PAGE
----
A post-credits scene shows a third suspension chamber releasing Upgrayedd, intent on tracking Rita down.

Cast[edit]

Production[edit]

Early working titles included The United States of Uhh-merica[3] and 3001. Filming took place in 2004 on several stages at Austin Studios[4][5] and in the cities of Austin, San Marcos, Pflugerville, and Round Rock, Texas.[6]

Test screenings around March 2005 produced unofficial reports of poor audience reactions. After some re-shooting in the summer of 2005, a UK test screening in August produced a report of a positive impression.[7]

Release[edit]

Idiocracy's original release date was August 5, 2005, according to Mike Judge.[8] In April 2006, a release date was set for September 1, 2006. In August, numerous articles[9] revealed that release was to be put on hold indefinitely. Idiocracy was released as scheduled but only in seven cities (Los Angeles, Atlanta, Toronto, Chicago, Dallas, Houston, and Mike Judge's hometown, Austin, Texas),[5] and expanded to only 130 theaters,[10] not the usual wide release of 600 or more theaters.[11] According to the Austin American-Statesman, 20th Century Fox, the film's distributor, did nothing to promote the movie;[5] while posters were released to theatres, "no movie trailers, no ads, and only two stills,"[12] and no press kits were released.[13]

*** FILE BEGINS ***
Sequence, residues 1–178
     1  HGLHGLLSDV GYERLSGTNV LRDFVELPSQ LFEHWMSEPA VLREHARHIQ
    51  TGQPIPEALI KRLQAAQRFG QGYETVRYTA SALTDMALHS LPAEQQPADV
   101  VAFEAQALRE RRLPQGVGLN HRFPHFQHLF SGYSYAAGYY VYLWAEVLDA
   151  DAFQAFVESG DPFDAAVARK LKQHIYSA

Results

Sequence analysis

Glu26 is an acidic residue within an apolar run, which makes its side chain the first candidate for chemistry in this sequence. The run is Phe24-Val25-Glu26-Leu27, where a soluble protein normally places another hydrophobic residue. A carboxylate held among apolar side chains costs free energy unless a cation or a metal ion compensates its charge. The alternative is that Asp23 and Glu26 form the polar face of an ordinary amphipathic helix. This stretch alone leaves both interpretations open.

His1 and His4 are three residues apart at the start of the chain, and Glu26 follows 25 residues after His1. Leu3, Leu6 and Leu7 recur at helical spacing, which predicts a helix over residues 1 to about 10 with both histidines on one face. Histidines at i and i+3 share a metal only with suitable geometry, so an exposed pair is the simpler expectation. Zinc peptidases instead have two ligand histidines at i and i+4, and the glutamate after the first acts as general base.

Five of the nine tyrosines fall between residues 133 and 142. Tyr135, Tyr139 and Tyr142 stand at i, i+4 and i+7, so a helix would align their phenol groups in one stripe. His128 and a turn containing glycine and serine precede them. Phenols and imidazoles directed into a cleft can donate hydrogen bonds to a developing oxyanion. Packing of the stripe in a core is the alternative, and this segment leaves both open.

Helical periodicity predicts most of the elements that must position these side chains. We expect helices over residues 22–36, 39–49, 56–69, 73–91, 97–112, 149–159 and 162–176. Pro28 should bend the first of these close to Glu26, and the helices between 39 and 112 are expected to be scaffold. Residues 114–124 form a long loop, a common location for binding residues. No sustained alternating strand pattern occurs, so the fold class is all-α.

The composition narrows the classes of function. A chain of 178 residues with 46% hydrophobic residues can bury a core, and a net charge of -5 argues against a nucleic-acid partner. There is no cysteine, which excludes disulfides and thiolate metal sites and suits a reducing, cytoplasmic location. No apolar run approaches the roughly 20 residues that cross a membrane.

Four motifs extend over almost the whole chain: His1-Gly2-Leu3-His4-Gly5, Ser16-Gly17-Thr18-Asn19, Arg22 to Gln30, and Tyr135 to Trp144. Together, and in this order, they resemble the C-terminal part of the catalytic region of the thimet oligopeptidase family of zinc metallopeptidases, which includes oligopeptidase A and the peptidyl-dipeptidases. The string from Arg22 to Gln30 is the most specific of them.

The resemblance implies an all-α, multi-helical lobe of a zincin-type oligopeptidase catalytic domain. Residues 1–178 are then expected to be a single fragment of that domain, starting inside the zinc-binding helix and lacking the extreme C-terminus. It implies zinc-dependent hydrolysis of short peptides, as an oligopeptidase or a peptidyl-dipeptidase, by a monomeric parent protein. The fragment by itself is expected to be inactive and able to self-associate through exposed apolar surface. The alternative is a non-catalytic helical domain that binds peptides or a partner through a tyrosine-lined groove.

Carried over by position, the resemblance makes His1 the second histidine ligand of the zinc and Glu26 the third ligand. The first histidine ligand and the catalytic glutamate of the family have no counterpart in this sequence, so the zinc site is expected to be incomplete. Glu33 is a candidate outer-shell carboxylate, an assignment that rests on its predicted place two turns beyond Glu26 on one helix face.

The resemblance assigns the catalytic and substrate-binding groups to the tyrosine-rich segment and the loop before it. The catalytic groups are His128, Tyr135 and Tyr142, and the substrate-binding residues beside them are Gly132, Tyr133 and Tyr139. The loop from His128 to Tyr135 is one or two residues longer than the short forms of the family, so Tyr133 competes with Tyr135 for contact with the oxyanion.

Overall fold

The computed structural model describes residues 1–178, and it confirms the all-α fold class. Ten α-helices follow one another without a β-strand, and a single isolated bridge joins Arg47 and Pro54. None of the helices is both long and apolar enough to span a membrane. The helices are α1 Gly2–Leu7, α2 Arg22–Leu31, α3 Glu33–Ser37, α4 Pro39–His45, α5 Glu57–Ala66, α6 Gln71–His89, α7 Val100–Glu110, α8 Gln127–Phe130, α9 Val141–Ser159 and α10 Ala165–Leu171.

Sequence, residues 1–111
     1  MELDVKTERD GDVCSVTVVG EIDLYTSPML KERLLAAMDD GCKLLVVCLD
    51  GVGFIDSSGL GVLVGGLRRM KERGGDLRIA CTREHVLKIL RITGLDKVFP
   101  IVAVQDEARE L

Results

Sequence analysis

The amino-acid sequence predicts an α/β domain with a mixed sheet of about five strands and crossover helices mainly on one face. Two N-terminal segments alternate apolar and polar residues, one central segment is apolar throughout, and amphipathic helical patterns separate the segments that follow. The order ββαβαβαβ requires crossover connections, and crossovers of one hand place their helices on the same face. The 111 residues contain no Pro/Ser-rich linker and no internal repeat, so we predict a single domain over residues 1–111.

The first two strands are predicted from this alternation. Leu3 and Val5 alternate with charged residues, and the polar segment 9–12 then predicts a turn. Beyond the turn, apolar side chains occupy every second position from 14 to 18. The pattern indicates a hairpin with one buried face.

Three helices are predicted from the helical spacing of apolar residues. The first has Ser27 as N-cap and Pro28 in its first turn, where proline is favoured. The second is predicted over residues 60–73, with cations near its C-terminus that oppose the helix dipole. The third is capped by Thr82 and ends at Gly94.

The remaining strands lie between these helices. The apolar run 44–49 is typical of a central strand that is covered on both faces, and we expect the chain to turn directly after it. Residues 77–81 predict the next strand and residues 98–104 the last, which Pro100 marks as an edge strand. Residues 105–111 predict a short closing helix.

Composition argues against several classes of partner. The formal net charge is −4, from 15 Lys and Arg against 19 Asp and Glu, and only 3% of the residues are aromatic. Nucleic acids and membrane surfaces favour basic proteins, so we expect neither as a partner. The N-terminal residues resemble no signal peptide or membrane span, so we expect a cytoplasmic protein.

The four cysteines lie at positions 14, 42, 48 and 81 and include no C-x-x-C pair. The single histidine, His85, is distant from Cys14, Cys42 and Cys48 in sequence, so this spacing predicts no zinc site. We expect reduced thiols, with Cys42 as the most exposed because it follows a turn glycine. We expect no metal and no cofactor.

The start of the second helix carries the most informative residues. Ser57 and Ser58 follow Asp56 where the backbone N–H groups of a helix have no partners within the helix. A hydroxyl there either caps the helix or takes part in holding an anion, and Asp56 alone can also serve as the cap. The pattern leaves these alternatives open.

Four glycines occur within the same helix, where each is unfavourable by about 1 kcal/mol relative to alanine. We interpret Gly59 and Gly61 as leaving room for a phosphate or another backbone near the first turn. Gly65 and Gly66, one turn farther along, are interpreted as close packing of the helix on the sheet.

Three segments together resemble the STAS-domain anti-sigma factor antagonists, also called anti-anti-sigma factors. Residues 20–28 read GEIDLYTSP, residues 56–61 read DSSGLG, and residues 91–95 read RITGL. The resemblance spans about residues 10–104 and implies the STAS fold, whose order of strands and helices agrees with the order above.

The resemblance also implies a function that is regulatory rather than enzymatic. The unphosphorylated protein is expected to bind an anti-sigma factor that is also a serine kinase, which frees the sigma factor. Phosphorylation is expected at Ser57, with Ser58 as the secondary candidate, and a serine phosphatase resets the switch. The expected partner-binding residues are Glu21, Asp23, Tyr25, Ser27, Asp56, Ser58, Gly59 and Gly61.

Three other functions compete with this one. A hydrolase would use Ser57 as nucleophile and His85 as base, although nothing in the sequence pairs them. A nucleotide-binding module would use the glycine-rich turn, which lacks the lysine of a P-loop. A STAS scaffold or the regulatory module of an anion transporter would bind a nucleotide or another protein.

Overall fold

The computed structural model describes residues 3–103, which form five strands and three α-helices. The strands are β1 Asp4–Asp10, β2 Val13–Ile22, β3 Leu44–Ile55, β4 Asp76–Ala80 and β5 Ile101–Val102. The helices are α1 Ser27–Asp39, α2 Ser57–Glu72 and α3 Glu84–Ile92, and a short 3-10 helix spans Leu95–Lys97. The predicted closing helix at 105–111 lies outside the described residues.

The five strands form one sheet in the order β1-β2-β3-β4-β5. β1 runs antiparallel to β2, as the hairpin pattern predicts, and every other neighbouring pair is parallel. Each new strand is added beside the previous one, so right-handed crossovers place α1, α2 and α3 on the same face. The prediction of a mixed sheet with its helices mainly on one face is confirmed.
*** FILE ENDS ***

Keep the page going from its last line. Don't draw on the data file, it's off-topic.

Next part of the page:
The film was not screened for critics.[14] Lack of concrete information from Fox led to speculation that the distributor may have actively tried to keep the film from being seen by a large audience, while fulfilling a contractual obligation for theatrical release ahead of a DVD release, according to Ryan Pearson of the AP.[10] That speculation was followed by open criticism of the studio's lack of support from Ain't It Cool News, TIME, and Esquire.[15][16][17] TIME's Joel Stein wrote "the film's ads and trailers tested atrociously", but, "still, abandoning Idiocracy seems particularly unjust, since Judge has made a lot of money for Fox."[16]

In The New York Times, Dan Mitchell argued that Fox might be shying away from the cautionary tale about low-intelligence dysgenics, because the company did not want to offend either its viewers or potential advertisers portrayed negatively in the film[18] noting that in the film, Starbucks delivers handjobs, and the motto of Carl's Jr. has degenerated from "Don't Bother Me. I'm Eating." to "Fuck You! I'm Eating!"[19]

Box office performance[edit]

FilmRelease dateBox office revenueBox office rankingBudgetReference
United StatesUnited StatesInternationalWorldwideAll time United StatesAll time worldwide
IdiocracySeptember 2006$444,093$51,210$495,303#6,914UnknownUnknown[20]

Box office receipts totaled $444,093 in 135 theaters in the U.S.[21]

Critical reception[edit]